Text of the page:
|These are going to be very well loved chooks!|
Attendance numbers were up and it was great to see a few newcomers which means our little community group is certainly growing. It is so pleasant to spend the day with people who are like minded, interested and interesting. No one has an agenda other than to soak up as much information as possible so that we can go back and put what we have learned into practice. The questions (many my own) come often and no one seems to mind the interruption as the answers provided are usually something that you wanted to know anyway but didn't know enough to ask.
Craig certainly has been busy since last month's workshop (see here) . The two story cubby-house that we repurposed into the Chook House has now become a proper chicken coop with run. The wired run has been buried about 50cm to prevent dogs & foxes from digging under and backfilled with crushed rock which also acts as a deterrent. Craig made a point of telling us that it is our responsibility to keep the chickens safe and not to blame animals that are simply doing what nature intended. He told us the sad story of losing 6 of his chickens to his two Jack Russells. Lucky he was smart enough to realise that it wasn't their fault but his own. Craig recommends using a spring on the door so that it closes automatically behind you so that they cant slip in around your legs.
Additional bird wire (not chicken wire) will be added to the roof and walls to make it rodent and bird proof. They go after the grain and food and can bring disease and make a mess.
As always, the first step after introductions and housekeeping was to go through the by-laws about keeping chickens. It was at this point that i discovered that having to have the coop 1.5 mtrs from the fence does not include the run. The actual coop with nesting boxes & roost must be this distance. I've been struggling to fit my previous understanding of this by-law into my backyard but now it all works well and i just have to adjust the placement of the coop. The height restriction is 2m and in Wyndham we are restricted to 6 chickens, no roosters, no ducks, no turkeys etc.
If you want more details on your area then talk to your local council.
So why keep chickens?
The list of reasons for keeping chickens is long. Their presence in a back yard creates a complete cycle that is a must for anyone interested in permaculture, self-sustainability or just wanting a few eggs that taste like real eggs. I'm serious, most people out there do not know what an egg taste like that has been raised organically on a balanced diet and fresh water. They create the most nitrogen rich manure that along with the straw from the floor of the run creates free compost for the garden. From my perspective they are a joy to watch and interact with. Its very calming to sit in the sun holding a chook and pat it. To visit the garden in the morning and evening, to call out to the girls that are clucking and scratching away. Talking to chickens probably puts you a little in the strange category but talking to your veggies is way left of centre for some (though i do that too). Chickens bring your backyard to life and give it personality. I cant wait!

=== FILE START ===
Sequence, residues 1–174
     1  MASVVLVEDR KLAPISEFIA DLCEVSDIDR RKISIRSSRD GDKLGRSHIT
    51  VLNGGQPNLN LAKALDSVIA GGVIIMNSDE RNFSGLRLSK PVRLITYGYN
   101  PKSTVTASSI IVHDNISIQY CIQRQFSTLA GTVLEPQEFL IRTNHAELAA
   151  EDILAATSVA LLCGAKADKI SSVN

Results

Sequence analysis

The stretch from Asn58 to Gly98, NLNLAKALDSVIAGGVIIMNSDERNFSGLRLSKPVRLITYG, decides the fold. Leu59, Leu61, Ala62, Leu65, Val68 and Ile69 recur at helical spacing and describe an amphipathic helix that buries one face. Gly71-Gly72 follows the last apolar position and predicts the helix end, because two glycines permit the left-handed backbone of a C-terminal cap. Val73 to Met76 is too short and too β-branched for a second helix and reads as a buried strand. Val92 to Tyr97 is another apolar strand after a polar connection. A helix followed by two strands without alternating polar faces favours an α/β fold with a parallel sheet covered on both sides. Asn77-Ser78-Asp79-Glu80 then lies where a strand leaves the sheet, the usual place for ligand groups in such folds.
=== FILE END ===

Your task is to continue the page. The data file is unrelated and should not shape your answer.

How to keep chickens?
There is so much information available in books, and on the web regarding this subject. Those that have had their own for a long time are a great resource and you should avail yourself of this as much as possible. Do try to learn as much as you can and be prepared before getting the actual chickens. Like dogs or cats, they are living beings and should never suffer from our ignorance. They may not live as long as other domestic animals but so long as they are cared for they will continue to give back in abundance.
If you live in Melbourne and want someone to give you advice and maybe build your coop and run for you, contact Craig on the following site. Edible Gardens
The Australian Government also have a great site (here) on keeping backyard chickens.
The following information has been taken not only from today's presentation but from a fact sheet provided by Craig.
Base of the Run - it's best to cover the soil with a thick layer like saw dust, mulch or straw. The chickens scratch around in it and the manure they produce breaks it down. It also stop the run becoming a mud puddle in wet weather and makes cleaning easier. Craig recommended straw as it is cheap and works well in the composter.
|It was the children's job today to spread the straw.|
Dust Baths - Chickens like to bath themselves in dust to get rid of mites and insects. They look like old ladies fluffing up their feathers and rolling around. Its so much fun to watch. It took our chickens today about 5 minutes to scratch away the straw and start dusting themselves providing much entertainment. Remember these chickens came from cages.
Nesting Boxes - Craig showed us a simple idea and that was to use old mower catchers. They are the ideal size and shape, can be lifted by the handle so no bending over to get eggs out and if you have a reluctant chook that doesn't want to give up the eggs, a slight tip is all that is needed. Chooks like privacy and darkness when laying so make sure that if you are building a nesting box that they are not in direct light in the open.
|Lawn Mower repair shops often have these for sale or to give away.|
I'm planning on having nesting boxes accessible from the outside with a lid that opens to access the eggs without going into the yard.
Roosts - chickens sleep on a roost. It is usually elevated and flat so that they can rest their breast whilst sleeping. A plank or wide branch will serve this purpose.